"And we are here as on a darkling plain
Swept with confused alarms of struggle and flight,
Where ignorant armies clash by night."
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Aaron Massey

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« Reply #2 on: May 11, 2012, 02:59:01 am »
TheDyslexicPoet wrote: Hi Noraaron,

I like the movie reference, but I would argue that Bruce Willis is a quasi-maximally great being in the film.

Agreed.

I believe that its somewhat arbitrary what term we use, be it a maximally great being, thing, or person (as in something with a personality - not a human). Let's put this maximally great thing through the ontological argument (Plantinga's in this case), and see what we find:

   

1. It is possible that a maximally great thing exists.

       

2. If it is possible that a maximally great thing exists, then a maximally great thing exists in some possible world.

       

3. If a maximally great thing exists in some possible world, then it exists in every possible world.

       

4. If a maximally great thing exists in every possible world, then it exists in the actual world.

       

5. If a maximally great thing exists in the actual world, then a maximally great being exists.

       

6. Therefore, a maximally great thing exists.


Ok, so by initial impressions, this proves the argument false by reductio ad absurdum. But think about what properties this maximally great thing would have? This thing must have necessary existence and omnipotence for starters. And because it created this universe, it must be a personal creator. I'm sure more attributes could be attributed to this thing, but I think the point is clear. This 'thing' is exactly what we would call God - making the point of calling it either a being or a thing moot.

An idea I find more interesting is why term God a being or thing at all? Shouldn't we instead define God as a "maximally great concept of a being" (or perhaps just a maximally greatest concept)? This would result in the conclusion of the OA to be that this concept does exist - not that the being (that the concept is of) exists. Any thoughts?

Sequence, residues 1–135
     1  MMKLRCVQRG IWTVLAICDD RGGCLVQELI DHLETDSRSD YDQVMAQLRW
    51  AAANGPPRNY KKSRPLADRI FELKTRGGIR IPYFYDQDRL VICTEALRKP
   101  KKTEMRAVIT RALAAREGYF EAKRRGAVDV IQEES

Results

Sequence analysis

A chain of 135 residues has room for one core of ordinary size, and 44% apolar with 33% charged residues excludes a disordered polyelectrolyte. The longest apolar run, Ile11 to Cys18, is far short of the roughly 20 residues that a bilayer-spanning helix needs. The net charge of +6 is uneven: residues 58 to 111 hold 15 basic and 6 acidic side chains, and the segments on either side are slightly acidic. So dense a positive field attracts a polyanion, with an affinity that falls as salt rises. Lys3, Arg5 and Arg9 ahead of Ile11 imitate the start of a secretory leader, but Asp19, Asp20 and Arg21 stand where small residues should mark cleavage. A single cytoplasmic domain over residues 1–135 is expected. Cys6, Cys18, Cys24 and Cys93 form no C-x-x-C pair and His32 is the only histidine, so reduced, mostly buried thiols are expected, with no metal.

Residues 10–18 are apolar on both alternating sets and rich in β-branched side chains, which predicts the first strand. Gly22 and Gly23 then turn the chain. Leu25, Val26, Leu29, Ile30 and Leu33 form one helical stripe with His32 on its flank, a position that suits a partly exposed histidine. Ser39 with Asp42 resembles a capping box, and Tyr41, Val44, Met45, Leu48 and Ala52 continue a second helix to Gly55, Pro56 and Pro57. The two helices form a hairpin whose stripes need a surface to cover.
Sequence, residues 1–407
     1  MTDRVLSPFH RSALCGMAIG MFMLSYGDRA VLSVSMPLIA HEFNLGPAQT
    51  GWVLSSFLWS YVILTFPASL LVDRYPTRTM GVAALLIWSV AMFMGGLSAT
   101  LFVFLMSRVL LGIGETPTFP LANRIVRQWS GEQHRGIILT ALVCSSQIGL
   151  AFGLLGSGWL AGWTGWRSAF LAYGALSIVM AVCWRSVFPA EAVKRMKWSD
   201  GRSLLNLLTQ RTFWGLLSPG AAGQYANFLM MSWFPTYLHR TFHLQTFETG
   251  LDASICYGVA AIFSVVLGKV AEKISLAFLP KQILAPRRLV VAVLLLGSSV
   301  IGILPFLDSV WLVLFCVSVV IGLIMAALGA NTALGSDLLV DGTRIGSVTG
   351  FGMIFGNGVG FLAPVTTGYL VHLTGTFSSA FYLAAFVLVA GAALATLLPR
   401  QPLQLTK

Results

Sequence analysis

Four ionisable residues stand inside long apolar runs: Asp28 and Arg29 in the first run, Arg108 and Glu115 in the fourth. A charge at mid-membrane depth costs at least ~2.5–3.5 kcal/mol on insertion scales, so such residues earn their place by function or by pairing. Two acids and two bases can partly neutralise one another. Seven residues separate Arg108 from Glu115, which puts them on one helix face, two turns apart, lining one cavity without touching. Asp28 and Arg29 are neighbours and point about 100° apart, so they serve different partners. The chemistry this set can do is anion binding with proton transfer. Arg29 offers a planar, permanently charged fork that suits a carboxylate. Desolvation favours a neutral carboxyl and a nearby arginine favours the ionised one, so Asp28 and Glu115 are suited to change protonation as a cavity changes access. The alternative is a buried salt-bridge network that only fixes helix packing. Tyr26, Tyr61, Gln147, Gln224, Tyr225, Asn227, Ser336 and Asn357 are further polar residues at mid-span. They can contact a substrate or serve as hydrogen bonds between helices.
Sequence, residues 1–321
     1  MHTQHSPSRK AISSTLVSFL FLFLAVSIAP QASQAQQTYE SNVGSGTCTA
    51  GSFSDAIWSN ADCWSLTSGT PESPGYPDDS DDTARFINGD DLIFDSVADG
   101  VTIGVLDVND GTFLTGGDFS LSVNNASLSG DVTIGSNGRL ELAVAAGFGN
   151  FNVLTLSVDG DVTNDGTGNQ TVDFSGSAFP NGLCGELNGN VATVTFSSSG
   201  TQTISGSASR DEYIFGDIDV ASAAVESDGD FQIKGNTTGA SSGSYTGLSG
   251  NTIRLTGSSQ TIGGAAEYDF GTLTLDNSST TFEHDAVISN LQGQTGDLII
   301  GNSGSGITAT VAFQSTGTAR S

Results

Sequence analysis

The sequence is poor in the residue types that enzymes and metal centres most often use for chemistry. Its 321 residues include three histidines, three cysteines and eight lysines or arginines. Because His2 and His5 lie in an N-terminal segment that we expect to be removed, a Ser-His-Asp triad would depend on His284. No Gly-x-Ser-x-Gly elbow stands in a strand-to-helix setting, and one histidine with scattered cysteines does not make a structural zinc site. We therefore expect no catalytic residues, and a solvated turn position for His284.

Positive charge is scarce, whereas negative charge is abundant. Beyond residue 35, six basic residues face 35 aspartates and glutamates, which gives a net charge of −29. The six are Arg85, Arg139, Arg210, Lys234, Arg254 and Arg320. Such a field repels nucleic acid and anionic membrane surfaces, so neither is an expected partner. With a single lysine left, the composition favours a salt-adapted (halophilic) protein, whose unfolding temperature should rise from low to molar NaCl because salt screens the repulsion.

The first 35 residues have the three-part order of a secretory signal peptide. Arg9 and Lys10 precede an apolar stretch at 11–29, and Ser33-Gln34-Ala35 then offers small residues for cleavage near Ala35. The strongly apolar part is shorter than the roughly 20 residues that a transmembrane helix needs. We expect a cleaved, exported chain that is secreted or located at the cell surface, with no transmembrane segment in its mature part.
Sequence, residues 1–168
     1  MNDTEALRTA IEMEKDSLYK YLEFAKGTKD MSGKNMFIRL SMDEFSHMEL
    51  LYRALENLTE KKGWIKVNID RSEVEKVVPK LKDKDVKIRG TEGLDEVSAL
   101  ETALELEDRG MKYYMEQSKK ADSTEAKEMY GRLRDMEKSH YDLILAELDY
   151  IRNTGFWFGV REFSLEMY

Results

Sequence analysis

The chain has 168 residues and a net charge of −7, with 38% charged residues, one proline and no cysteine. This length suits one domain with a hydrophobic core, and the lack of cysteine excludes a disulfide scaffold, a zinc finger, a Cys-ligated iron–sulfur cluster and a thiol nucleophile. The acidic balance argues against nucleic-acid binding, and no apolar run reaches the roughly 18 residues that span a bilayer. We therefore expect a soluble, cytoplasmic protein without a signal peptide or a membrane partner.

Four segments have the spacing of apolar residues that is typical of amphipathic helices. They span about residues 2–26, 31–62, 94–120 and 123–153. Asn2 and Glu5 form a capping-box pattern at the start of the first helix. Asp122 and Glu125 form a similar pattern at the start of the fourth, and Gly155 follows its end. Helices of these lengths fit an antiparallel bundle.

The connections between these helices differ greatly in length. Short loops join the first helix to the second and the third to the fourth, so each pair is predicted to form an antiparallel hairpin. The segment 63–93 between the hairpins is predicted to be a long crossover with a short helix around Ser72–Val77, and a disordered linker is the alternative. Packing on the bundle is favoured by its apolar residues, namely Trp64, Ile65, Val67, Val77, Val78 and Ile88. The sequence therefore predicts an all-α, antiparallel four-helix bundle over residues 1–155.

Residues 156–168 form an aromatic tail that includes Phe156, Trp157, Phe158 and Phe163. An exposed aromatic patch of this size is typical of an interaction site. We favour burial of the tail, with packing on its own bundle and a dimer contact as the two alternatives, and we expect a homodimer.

I think i know what you mean...the being isnt the issue...it is the maximalness (not sure if that is a word) Which is shown.  

But for that to be true it still has to be based in something, and that something must be a being because of the criteria of being maximally benevolent...meaning the only things that are benevelont in this world is a being, like us or even animal beings...it cant be a thing etc..

So by the benevolent propertie of something being maximal, it need be, a being.

But the only only being i can come up with to even closely match is humans.

If we are in a Maximally great beings image/likeness, then we could simply claim a maximally great being should excist in the likeness of a unembodied man.

I suppose this gets to a juncture of not whether maximally great is possible....but whether dualism is true.

Because if dualism is true, then a maximally great being can be true as the rest of the argument is logical that something can be the greatest.
Proverbs 8:30 "then I was beside him, like a master workman, and I was daily his delight, rejoicing before him always, rejoicing in his inhabited world and delighting in the children of man."